I was trolling through AdAge last week—as is my routine for finding jocular pieces of information—and came across the article “One Small Fix for Broken RFPs: A Little Feedback, Please“ by Mark Simon.
The following was a lovely call out quote for me:
This isn’t about changing your mind or challenging your decision. It’s not an appeals process. All anyone wants is to learn from the experience so they can be smarter next time. Scottish author Samuel Smiles said, “We learn wisdom from failure much more than success.” Which is another way of saying: Give it to me straight.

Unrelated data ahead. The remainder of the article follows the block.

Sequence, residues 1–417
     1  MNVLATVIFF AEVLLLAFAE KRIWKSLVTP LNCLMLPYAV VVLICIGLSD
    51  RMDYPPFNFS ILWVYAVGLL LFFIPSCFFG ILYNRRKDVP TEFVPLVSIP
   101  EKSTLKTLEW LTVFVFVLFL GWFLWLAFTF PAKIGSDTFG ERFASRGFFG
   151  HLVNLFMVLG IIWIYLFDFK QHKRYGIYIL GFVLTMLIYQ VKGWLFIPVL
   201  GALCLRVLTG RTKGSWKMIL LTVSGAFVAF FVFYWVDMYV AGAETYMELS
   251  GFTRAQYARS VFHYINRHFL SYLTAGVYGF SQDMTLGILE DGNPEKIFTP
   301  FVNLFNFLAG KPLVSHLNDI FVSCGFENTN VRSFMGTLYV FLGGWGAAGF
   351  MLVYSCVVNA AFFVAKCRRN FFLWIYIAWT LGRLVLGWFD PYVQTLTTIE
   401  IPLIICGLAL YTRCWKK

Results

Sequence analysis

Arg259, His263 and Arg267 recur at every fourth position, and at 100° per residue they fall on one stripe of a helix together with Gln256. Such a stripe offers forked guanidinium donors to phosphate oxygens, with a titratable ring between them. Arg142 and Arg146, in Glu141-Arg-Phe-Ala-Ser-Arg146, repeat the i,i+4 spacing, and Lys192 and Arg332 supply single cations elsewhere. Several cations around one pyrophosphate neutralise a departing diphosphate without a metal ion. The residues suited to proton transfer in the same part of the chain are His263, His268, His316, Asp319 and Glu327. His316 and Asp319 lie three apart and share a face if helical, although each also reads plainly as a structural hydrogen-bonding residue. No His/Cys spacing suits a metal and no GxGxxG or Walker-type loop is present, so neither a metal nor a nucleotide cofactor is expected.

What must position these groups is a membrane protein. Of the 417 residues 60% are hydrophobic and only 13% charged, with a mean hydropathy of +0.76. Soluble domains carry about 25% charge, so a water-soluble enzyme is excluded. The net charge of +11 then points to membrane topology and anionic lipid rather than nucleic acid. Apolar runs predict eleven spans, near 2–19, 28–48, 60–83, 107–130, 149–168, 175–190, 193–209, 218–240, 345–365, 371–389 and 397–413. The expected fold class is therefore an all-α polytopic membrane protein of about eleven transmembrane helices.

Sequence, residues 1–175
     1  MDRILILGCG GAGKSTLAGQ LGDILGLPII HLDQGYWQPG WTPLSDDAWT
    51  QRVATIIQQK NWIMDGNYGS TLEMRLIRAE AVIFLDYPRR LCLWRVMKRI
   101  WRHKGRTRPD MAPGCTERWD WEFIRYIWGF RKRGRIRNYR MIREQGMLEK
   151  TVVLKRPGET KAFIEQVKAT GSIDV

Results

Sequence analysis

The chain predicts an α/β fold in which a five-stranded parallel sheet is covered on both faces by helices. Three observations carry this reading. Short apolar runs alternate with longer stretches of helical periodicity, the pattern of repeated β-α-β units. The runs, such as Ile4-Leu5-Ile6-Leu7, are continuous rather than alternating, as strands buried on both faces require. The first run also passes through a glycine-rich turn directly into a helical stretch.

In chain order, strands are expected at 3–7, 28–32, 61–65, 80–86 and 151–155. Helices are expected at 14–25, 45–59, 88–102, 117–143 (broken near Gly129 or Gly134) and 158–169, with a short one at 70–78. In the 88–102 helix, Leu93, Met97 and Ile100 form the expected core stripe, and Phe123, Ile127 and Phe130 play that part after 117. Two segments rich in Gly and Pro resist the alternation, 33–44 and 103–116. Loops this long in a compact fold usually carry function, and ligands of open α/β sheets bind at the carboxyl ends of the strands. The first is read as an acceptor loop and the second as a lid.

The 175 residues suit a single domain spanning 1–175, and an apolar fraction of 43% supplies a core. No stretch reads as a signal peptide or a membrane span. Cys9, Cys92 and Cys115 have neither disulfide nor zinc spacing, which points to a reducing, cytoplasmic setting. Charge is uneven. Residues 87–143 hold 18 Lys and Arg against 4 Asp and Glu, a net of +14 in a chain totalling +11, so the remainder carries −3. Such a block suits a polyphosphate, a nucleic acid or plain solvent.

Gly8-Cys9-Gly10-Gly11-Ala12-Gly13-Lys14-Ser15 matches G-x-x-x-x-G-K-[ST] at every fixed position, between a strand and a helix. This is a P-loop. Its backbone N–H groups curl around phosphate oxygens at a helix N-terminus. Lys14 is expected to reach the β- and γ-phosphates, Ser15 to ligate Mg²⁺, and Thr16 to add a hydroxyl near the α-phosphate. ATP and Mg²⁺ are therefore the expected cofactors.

To wit, the church said “AMEN!”
Requests for Proposals (RFPs) — namely, the governmental ones — are the banes of existence for every agency. Don’t get me wrong, they are vital to the economic foundation of most smaller agencies. One RFP can create a retainer that will pay for a year of overhead, but those heads need to get lobbed off and leap through rings of fire to pitch said RFP.
So, given what we know about RFPs and understanding popular opinion, to RFP or not to RFP? Pros and cons after the jump: